The twenty-third Doctor in this chronological series on the Doctors of the Church was a man who was full of good fortune from his earliest years. Humility was his virtue and his role model was the holy founder who named him. He followed this man and continued the ideals of the Franciscans, guiding them during turbulent times when growing pains created problems in the ranks and with various ecclesial authorities opposed to the Friars Minor. This Universal Doctor was one of the first saintly Cardinals of the Church. He was close friends with "The Angelic Doctor" and the saintly king of France. He was the architect of the Second Council of Lyons and, fittingly, was called home by God immediately following completion of the Council. His work done on earth but continued through his writings and example; so much so that he is known as "The Seraphic Doctor." He was Saint Bonaventure.
St. Bonaventure was born into the Fidanza family near Viterbo in Tuscany, Italy in 1221 five years before Saint Francis of Assisi died. He was given the name Giovanni at his baptism. As a child Bonaventure had contracted a mortal sickness and became so ill that his cure was despaired of, and his sorrowing mother had recourse to Saint Francis recognized everywhere in Italy as a Saint. She promised God she would endeavor to have the child take the habit of the Franciscan Order, if he were cured. Her prayer was granted for Francis came to his deathbead. There little Bonaventure was miraculously cured. So overcome was Francis with thankfulness to God for this wondrous event that he proclaimed "O buona ventura!" - Italian for "goodness goes with you wherever you go." From that moment on the child became Bonaventure. Saint Francis died a few months later, not without foreseeing the future of this little one, destined to be a seraph of love like himself. Saint Bonaventure is titled “the Seraphic Doctor,” from the fervor of divine love which breathes in his writings.The fruits of Francis' zeal touched Bonaventure so much he entered the Franciscans in 1240 and was assigned to the University of Paris.
After graduating and being ordained, he became a professor there where he teamed with the great Saint Thomas Aquinas to defend the Franciscan friars who were being pressured to resign from teaching by the Diocesan priests. Bonaventure had the full support of his friend who he advised - the king - the holy Saint Louis IX.
Sanctity and learning raised Bonaventure to the Church’s highest honors, yet at heart he was ever the poor Franciscan friar, who practiced and taught humility and mortification. He was the friend of Saint Thomas Aquinas; they received the Doctor’s cap together in Paris. Saint Thomas asked him one day from what source he drew his great learning; he replied by pointing to his crucifix. Another time Saint Thomas found him in ecstasy while writing the life of Saint Francis. The Angelic Doctor said, while retiring quietly, “Let us leave a Saint in peace, to write of a Saint!”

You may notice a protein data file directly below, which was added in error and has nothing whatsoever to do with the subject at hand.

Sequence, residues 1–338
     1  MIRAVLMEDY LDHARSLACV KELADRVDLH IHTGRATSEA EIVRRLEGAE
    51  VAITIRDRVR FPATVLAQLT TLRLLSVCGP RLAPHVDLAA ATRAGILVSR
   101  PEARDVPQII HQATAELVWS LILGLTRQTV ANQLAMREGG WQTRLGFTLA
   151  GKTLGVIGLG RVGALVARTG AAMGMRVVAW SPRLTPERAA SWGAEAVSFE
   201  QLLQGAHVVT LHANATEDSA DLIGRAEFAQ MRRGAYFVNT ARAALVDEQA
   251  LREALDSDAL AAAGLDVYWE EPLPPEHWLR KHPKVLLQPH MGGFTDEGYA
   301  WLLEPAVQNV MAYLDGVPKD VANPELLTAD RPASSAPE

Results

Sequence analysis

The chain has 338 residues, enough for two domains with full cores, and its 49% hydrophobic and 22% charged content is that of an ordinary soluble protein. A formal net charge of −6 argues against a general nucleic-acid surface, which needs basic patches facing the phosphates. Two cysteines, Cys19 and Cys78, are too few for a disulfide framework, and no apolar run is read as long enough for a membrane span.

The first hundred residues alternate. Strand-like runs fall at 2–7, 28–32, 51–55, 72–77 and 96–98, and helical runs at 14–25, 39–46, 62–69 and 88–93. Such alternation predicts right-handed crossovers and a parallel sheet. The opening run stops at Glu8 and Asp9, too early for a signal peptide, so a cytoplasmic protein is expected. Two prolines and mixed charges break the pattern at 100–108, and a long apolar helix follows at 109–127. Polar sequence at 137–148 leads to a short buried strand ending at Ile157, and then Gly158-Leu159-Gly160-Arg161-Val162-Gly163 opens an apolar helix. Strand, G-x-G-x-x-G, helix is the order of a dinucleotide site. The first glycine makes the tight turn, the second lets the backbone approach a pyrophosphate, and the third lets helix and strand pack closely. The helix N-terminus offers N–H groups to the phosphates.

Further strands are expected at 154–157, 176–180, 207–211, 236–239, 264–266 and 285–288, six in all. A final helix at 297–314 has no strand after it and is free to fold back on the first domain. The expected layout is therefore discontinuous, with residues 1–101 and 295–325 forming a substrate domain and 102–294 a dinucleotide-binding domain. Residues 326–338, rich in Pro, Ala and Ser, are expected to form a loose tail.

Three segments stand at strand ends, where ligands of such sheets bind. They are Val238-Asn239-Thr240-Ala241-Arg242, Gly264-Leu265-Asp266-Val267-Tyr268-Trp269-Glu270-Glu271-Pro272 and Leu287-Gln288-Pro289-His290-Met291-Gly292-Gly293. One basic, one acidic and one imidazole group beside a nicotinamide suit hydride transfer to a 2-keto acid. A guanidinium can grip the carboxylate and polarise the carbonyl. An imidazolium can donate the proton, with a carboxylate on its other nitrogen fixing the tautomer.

At the age of thirty-six Saint Bonaventure was made General of his Order. In 1265 he only escaped another dignity, the Archbishopric of York, by true humility of tears and entreaties to the Holy Father Pope Clement IV. When Bonaventure learned of Pope Gregory X’s resolve to elevate him to the Cardinalate, he quietly made his escape from Italy, and in France began to compose a book. But Gregory sent him a summons to return to Rome. On his way, he stopped to rest at a convent of his Order near Florence; and there two Papal messengers, sent to meet him with the Cardinal’s hat, found him washing the dishes. The Saint asked them to hang the hat on a nearby bush, and take a walk in the garden until he had finished what he had begun. Then taking up the hat with unfeigned sorrow, he joined the messengers, and paid them the respect due to their character.
Besides being a guest and adviser of Saint Louis, and the spiritual director of Saint Isabella, the king’s sister. He sat at the right hand of Pope Gregory X who commissioned Cardinal Bonaventure to prepare everything for the Second Council of Lyons where he also spoke and presided at all sessions of the Second Council of Lyons. This 14th Major Ecumenical Council had been assembled to provide for the reform of morals and the needs of the Holy Land, and to cement the union of the Greeks with the Roman Church. The piety and eloquence of Saint Bonaventure won over the Greeks to Catholic union, but his strength failed suddenly, the day after its closure. He died on the 15th of July, 1274, and was buried by the assembly of the Council members, still in Lyons; he was mourned by the entire Christian world. The Pope himself was at Bonaventure's bedside when the Seraphic Doctor was called to his eternal home.
He was an outstanding philosopher and theologian; one of the greatest of medieval times. His most notable works included the Official Biography of Saint Francis, his "Perfection of Life, Soliloquy, and The Threefold Way. He was also renowned for his treatises and theological tracts, specifically Breviloquium, Itinerarium mentis in Deum, De reductione artium ad theologium, and his Commentary on the Sentences of Peter Lombard. In addition he wrote over five-hundred sermons. Eight years after his death, Pope Martin IV canonized St. Bonaventura and he was decared a Doctor of the Church in 1588 by Pope Sixtus V, the same Sovereign Pontiff who completed the work on the magnificent Dome of St. Peter's conceived by the Master Michelangelo.
Note: [editor's bold, brackets and italicized for emphasis] Some of the sources taken from: Dictionary of Saints, John J. Delaney (Doubleday); Little Pictorial Lives of the Saints, a compilation based on Butler’s Lives of the Saints and other sources by John Gilmary Shea (Benziger Brothers: New York, 1894; Saints of the Roman Calendar, Enzo Lodi).
For the chronological list of the Doctors of the Church to date, see www.DailyCatholic.org/2003doc.htm